DETROIT — Ford Motor Co.’s profit last year plunged by more than US$3.6 billion, weighed down by slowing U.S. sales, the cost of a botched SUV launch and some big pension expenses.
The Dearborn, Michigan, automaker said it made $47 million in 2019, down from a $3.68 billion profit a year earlier. For the fourth quarter the company lost $1.7 billion, or 42 cents per share, hit by $2.2 billion in one-time pension costs.
Excluding one-time items, Ford made 12 cents per share for the quarter, falling short of Wall Street’s expectations. Analysts polled by FactSet predicted 17 cents per share.
Quarterly revenue fell 5% to $39.7 billion, about even with Wall Street estimates.
Shares of Ford, which released results after the markets closed Tuesday, tumbled 9.3% to $8.33 n extended trading.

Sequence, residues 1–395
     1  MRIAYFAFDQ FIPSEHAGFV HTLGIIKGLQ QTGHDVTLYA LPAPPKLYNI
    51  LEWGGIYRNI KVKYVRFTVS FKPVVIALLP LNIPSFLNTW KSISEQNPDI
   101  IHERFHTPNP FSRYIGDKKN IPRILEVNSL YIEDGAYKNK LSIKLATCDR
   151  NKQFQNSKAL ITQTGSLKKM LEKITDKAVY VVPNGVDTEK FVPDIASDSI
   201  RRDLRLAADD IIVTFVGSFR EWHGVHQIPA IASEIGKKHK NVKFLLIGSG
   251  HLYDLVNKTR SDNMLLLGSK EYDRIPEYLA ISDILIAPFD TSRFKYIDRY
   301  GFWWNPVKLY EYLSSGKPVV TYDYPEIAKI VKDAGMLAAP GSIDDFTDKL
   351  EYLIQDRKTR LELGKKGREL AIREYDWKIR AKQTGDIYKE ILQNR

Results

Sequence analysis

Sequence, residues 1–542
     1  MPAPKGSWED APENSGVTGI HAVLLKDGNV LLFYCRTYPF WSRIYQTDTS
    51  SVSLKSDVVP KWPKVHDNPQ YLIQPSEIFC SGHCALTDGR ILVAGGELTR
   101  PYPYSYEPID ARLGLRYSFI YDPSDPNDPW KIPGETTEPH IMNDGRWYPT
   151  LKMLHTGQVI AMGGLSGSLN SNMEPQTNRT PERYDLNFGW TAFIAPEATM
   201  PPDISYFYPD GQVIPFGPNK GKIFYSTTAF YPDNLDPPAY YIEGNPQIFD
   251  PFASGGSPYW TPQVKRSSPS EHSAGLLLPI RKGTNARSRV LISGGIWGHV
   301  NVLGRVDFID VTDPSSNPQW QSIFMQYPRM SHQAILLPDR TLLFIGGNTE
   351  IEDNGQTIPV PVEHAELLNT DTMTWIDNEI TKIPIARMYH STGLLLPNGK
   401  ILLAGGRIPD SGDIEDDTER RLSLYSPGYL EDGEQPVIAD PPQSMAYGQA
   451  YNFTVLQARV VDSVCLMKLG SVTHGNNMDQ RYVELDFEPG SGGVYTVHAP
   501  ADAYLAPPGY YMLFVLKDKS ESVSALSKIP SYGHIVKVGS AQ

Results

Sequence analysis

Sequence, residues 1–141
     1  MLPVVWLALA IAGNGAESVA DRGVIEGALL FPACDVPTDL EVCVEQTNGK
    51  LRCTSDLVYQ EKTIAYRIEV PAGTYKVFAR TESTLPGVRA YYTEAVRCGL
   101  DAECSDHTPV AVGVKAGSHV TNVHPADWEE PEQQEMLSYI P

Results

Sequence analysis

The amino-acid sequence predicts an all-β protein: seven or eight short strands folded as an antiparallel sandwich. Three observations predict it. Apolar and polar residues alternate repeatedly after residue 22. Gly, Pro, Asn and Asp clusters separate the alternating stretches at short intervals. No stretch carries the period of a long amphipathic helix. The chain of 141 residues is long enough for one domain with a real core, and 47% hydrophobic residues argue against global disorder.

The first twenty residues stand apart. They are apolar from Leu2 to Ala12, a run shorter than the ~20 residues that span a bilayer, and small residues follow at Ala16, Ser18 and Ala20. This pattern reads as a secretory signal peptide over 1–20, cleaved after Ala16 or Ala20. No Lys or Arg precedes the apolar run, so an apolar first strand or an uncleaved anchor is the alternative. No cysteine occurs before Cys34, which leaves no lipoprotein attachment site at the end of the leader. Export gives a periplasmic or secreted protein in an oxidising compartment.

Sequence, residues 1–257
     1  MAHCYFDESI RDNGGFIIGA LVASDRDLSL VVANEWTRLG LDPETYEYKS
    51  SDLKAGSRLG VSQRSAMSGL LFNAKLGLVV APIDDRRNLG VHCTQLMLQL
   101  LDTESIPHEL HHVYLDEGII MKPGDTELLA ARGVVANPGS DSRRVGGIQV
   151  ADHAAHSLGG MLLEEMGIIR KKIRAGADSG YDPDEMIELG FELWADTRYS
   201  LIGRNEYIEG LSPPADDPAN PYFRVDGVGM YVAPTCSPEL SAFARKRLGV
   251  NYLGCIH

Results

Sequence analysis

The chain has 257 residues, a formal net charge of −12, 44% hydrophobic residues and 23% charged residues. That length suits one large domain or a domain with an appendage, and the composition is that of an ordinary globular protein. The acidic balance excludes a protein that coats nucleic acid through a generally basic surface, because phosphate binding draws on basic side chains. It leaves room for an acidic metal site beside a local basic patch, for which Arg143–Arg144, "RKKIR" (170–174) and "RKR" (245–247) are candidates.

Ford CEO Jim Hackett said on a conference call with analysts that the company fell short of its expectations for the year, and he blamed the drop primarily on the flubbed launch of the new Ford Explorer SUV at its factory in Chicago
New Explorers came off the assembly line with multiple problems and had to be shipped to a Detroit-area factory for repairs.
Hackett also referred to higher warranty costs during the year, especially for a flawed six-speed automatic transmission in the Ford Focus compact car.
He said the Explorer production is now fixed and the SUVs are selling well.
“Our leadership team is determined to return to world class levels of operational execution,” he said.
He said 2019 was a year of restructuring for the company as it downsized its white-collar workforce and shifted its products to higher-growth, higher-margin SUV and truck segments while exiting lower-growth sedans.
The company also announced that blue-collar workers represented by the United Auto Workers union will get profit-sharing checks of $6,600, based on North American pretax profits of just over $6.6 billion.